Product development in today’s cluttered market has never felt like a more daunting task. However, if you look a little closer, you may be surprised to learn that it has actually never been easier. You’ll be surprised to find that most of the successful products launching today have been working backwards for success.
You have probably heard the same talk all before while embarking on a new product development process – there is just too much competition, it costs too much, and VC’s aren’t investing in this space. As it turns out, there has never been a more optimistic outlook for hungry and innovative new startups. Despite the fact that the unicorn trend is fading and VC’s are more reluctant to give out money, startups are continuing to persevere to find new ways to find success. Not only that, but startups are now able to get to market and launch MVPs quicker and more cost effectively than ever with the help of new technology aimed at motivated founders.
The available resources for founders starting lean new companies are more abundant than ever before. Cloud computing, the advent of no-code tools, and a new trend of alternative financing methods are all allowing startups to stay lean initially without sacrificing any quality.
One of the most important things you can do in the beginning is to make sure you nail your product development framework. There are many different views on how to do this properly, but George Deeb from Rocket Ventures may have put it best:
Keep it simple, stupid!
One of the most approachable and organized ways to apply this to your product is to initially focus on product positioning.
“You need to position your product in the eye of your user.” This is an important piece of advice from Cover CEO Arielle Jackson. Many new founders will get lost in so many specifics, technical details, and secondary features that they forget about the people they are helping in the first place.
You should imagine yourself as your ideal user and determine your product’s key components. Who is your user? What is the problem? How are you solving it? Answering these questions as succinctly as possible and outlining your top 3 critical features can help zone you back in if you get your head lost in the clouds at first.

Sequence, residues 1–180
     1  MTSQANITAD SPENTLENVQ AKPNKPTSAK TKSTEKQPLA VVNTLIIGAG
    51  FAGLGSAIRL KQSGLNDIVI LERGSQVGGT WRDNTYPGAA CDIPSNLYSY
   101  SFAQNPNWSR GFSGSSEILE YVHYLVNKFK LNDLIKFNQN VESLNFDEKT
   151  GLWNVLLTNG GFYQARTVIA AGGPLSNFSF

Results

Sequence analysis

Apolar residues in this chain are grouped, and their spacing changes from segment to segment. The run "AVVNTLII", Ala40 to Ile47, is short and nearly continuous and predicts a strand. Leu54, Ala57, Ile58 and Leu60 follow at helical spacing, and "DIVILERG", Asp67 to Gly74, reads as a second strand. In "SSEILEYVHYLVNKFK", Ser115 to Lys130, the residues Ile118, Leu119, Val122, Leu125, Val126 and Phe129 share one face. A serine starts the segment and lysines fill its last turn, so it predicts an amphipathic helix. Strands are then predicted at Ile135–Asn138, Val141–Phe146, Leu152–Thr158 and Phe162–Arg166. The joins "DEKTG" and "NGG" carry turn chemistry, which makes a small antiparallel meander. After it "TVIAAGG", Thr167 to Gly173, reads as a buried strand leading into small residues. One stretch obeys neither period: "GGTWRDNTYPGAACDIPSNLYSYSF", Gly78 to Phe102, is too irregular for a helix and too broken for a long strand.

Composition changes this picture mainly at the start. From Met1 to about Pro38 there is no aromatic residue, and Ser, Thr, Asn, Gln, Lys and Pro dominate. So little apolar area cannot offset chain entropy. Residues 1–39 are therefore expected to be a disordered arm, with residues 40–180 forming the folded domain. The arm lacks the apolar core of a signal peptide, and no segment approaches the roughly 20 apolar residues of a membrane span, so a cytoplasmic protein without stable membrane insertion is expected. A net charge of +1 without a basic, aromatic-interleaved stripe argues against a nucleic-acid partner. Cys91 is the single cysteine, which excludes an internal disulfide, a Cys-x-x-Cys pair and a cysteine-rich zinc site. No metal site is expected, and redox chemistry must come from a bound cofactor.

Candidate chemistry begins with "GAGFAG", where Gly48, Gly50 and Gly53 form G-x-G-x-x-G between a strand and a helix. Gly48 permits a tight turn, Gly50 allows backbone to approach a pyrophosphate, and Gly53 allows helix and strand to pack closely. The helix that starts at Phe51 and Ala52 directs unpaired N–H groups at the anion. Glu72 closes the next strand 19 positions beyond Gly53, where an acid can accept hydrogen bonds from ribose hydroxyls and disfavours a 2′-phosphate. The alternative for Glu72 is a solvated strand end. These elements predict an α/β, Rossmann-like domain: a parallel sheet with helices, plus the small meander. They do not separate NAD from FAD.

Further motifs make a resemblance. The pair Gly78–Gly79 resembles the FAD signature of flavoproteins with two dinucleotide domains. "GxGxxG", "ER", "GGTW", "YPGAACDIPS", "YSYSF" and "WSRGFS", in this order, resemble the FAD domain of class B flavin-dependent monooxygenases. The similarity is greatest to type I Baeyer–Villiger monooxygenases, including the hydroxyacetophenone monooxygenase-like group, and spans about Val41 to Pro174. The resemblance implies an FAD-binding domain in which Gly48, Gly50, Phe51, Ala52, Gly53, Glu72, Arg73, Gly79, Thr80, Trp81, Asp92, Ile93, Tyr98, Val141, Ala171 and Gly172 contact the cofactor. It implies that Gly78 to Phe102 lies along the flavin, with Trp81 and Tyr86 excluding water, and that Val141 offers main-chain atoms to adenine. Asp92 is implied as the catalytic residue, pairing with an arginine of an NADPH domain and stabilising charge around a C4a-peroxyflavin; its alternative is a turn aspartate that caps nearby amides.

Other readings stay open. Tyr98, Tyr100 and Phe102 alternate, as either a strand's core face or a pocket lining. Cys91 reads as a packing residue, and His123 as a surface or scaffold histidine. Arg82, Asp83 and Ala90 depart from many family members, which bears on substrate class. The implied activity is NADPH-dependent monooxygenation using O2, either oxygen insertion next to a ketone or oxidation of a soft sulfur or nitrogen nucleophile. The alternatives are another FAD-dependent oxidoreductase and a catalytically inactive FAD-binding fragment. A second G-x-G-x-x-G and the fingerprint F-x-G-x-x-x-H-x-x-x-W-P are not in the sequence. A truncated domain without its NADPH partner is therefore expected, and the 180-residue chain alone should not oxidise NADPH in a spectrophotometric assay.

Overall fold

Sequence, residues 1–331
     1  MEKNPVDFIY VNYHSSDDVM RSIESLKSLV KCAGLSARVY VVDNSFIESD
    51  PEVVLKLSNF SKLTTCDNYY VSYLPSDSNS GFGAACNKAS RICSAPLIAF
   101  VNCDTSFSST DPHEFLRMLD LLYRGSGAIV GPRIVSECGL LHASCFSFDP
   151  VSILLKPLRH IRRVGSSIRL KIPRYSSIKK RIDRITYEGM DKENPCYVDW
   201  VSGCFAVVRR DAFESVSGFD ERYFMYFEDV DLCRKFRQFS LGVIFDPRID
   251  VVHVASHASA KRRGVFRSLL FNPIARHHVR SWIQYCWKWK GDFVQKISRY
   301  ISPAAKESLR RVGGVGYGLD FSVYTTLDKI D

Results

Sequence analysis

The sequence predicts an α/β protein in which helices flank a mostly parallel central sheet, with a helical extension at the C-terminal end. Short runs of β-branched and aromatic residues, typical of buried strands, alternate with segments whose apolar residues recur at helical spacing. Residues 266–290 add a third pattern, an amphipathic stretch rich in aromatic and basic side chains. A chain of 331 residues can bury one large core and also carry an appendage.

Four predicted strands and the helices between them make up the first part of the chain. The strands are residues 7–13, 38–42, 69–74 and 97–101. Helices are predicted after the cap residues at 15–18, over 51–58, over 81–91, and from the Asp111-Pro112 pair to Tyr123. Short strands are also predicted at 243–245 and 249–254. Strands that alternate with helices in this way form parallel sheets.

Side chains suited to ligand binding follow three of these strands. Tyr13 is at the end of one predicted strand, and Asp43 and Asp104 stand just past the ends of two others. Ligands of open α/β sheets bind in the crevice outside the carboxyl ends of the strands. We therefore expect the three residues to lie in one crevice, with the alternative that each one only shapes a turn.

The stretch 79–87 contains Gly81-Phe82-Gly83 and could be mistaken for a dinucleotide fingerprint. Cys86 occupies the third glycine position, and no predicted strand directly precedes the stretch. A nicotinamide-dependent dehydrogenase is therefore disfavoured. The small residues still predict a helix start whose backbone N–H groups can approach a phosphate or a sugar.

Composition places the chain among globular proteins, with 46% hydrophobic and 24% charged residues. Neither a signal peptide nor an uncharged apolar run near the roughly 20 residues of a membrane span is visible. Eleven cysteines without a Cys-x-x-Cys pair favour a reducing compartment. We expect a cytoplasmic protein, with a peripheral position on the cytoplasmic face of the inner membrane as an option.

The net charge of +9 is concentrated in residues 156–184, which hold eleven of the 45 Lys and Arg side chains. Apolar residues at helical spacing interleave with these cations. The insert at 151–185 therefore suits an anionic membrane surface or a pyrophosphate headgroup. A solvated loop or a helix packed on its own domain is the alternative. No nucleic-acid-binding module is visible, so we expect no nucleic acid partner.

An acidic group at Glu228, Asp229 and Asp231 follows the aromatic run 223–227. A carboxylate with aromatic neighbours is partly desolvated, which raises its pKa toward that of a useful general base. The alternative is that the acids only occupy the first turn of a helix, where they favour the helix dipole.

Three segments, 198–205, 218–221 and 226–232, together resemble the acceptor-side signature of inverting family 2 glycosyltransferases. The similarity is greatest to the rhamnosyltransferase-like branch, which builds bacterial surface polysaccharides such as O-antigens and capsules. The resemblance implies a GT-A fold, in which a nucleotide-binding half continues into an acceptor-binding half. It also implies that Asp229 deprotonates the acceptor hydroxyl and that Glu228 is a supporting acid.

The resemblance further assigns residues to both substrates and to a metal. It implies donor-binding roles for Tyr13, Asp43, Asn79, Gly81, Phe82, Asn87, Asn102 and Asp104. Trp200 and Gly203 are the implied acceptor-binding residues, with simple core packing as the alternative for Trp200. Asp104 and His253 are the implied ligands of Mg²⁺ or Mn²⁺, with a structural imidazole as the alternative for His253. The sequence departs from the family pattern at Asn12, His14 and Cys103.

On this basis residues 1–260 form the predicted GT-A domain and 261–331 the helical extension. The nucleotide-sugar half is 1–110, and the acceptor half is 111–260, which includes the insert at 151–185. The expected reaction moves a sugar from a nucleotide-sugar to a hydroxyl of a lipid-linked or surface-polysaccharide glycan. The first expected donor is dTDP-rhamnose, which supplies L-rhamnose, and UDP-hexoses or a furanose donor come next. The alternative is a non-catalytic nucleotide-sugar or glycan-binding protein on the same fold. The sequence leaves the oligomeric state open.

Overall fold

A good example of this is the strategy used by Spotify CEO Daniel Ek. Rather than getting tied up in the many, many potential features of a music streaming platform, he decided to focus on the user experience. He wanted to make sure that from the point of signing on to streaming a song was the fastest in the market. In an interview, Daniel Ek tells us, “I had this idea of the kind of product I wanted to see in the world,” he said. “I told my team, ‘If we can create the feeling that people have all the world’s music on their hard drives, we will have built something that’s much better than piracy.’ This reinforces the notion of trust that was a core component of Spotify’s mission.
The Practice Press Release
Yet another great example of how to position your product initially is to work backward from the consumer, a similar approach that behemoth Amazon and their global product teams follow.
You will need an exciting, concise, and hard-hitting piece of marketing content that everyone on your team will be excited about. Working backward from this point initially can help set you up for success and outline the most important parts of your mission statement to keep you focused as you progress. This is working backwards for success in action.
Try a template that includes a few key components such as:
- Heading with a catchy and memorable tagline
- One sentence summary of your target market and solution for them
- 3-4 sentence paragraph describing your product
- Describe the problem
- Describe the solution
- Quote from a satisfied customer
Using this template, you can create a manifesto that you can always refer back to to keep your vision in order. As you progress, it is likely this document will be updated to fit your developing goals and vision.
When it comes to getting your product to market faster, the key is to have a solid customer-centric product development framework. In the early stages of your company, it is always best to keep this simple and focus on the bread and butter pain points you are solving. Once you have a rock-solid initial framework, the rest of the puzzle will fall into place much more easily. So start walking backwards for success!